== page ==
Friday, October 30, 2009

Greyhound at the 1939-1940 New York World's Fair

Yesterday I posted a view of a Greyhound Escorter from the 1964-1965 NYWF. Greyhound has had a presence at a number of Fairs, including the 1933-1934 Century of Progress in Chicago. Here's a shot of some entranced guests enjoying their ride on a Greyhound tour bus at the 1939-1940 NYWF: Click on it for a larger view - some of the signs are pretty interesting!

Thursday, October 29, 2009

Greyhound Escorters after the Fair

Fans of the 1964-1965 New York World's Fair will probably remember the Greyhound Escorters. Sort of a motorized rickshaw, the Escorters had a driver in the back and room for up to four passengers in the front. The driver was also a tour guide, taking guests on personalized tours of the Fair.

The Escorters only were used for the first year of the Fair. They were expensive to rent and prone to breakdowns, so they were quietly retired from service without any fanfare. That wasn't the end of the Escorters, though, for they were later spotted giving tours of the boardwalk in Atlantic City, NJ.

The Greyhound name on the front was crudely covered over, but even so there was no mistaking that these were indeed the same vehicles as seen at the Fair.

I believe this picture was taken in 1971. I'm not sure how many of the Escorters made it to Atlantic City or when they were finally retired. At least one is in private hands undergoing restoration.

Wednesday, October 28, 2009

The Tower of the Four Winds

One of the more memorable exhibits at the 1964-1965 New York World's Fair was '"it's a small world" (the lower case selling is indeed correct), created by Walt Disney and sponsored by Pepsi Cola. As everyone who rode it and still has the song stuck in their heads knows, the ride was later moved to Disneyland and is still there today. Newer versions are in all of the other Disney parks as well.

What no one knows is whatever became of the Tower of the Four Winds, which stood in front of the main pavilion building. Designed to withstand hurricane force winds, the tower was quite a construction job. After the Fair it vanished, and no one seems to know if it was sold for scrap or, as rumored, dumped in a nearby river to save the cost of hauling it away. I doubt that's the case, given the value of scrap metal, but I don't believe any parts of it have ever surfaced.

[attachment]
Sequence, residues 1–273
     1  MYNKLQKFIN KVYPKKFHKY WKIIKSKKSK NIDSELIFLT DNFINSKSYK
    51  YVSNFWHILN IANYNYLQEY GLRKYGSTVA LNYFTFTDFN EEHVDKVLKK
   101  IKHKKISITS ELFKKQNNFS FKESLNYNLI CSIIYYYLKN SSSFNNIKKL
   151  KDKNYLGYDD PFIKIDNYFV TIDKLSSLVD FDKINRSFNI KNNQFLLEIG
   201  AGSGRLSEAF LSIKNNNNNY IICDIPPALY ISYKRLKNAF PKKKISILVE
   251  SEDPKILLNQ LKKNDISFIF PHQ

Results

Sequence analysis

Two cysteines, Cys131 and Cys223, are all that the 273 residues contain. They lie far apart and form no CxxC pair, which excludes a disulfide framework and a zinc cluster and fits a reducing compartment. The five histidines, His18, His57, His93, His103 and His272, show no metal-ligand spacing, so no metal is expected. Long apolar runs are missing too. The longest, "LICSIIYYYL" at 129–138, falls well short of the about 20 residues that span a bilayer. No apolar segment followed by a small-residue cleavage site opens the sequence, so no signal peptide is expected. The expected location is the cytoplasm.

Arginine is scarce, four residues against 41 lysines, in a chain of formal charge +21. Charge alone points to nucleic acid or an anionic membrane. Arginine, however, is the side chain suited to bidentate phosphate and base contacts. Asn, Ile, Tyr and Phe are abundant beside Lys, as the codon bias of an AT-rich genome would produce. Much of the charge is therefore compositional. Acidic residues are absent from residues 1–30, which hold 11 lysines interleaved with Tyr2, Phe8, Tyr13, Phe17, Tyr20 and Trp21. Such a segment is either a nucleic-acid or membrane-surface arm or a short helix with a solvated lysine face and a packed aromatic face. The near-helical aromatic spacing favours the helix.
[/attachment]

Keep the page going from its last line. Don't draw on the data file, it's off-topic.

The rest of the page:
This first view helps show how long the lines were for the ride. Under the tower itself was a VIP lounge, and under that a counter answering questions about UNICEF.

Here's another view. The tower was quite a sight on a breezy day, with parts spinning all over the place.

Expo 74 Souvenirs - and on sale!

Part of the fun in going to a world's fair is bringing home a big bag (or more) of souvenirs. Most fair fans will have brochures, postcards, figurines or other collectibles safely stashed away from their trips.

This shot of the souvenir stands at Expo 74 in Spokane was taken on October 29, 1974 as the fair was nearing its final days. Sale signs were everywhere, but there was still a lot to buy. I bet fans would like to be able to buy any of these items at those prices today!

Monday, October 26, 2009

The USSR Pavilion at Expo 58

I was never at Expo 58, as I was all of six years old at the time. My aunt did go, though, and later gave me her guide book, pictures and an 8mm film she took. She never quite figured out how to hold the camera, and many of her shots show her thumb blocking the shot. We have movies of her thumb at a bull fight, her thumb in Rome, etc. I was really impressed with those films, though, as they were my first look at a world's fair. I've also had a special fondness for Expo 58 since then.

Here's a view of the interior of the USSR Pavilion. The Cold War was well under way and the USA and USSR were both determined to out do each other. I have to say that this was one impressive looking pavilion indeed.

Sunday, October 25, 2009

More on Seymour

Here's another shot of Seymour D. Fair, leading a small parade through the Fulton Street Market section of the 1984 New Orleans World's Fair. He's riding in some sort of Chrysler convertible, due in large part, I suspect, to the fact that Chrysler was the only one of the US auto companies exhibiting at the Fair. Anyone know what model this was?

Saturday, October 24, 2009

Seymour D. Fair

I haven't posted anything lately as I was writing a new book on Vancouver's Expo 86, due out this December from Arcadia Publishing. I thought I would get back into practice with a look at Seymour D. Fair, the official mascot of the 1984 New Orleans World's Fair.

When Seymour first appeared in publicity material he was always referred to as "our unnamed pelican mascot." A local market chain later sponsored a contest to name him. He has also shown up in some material as "Seemore D. Fair". The fair later added an alligator mascot, but I have not found anything naming him.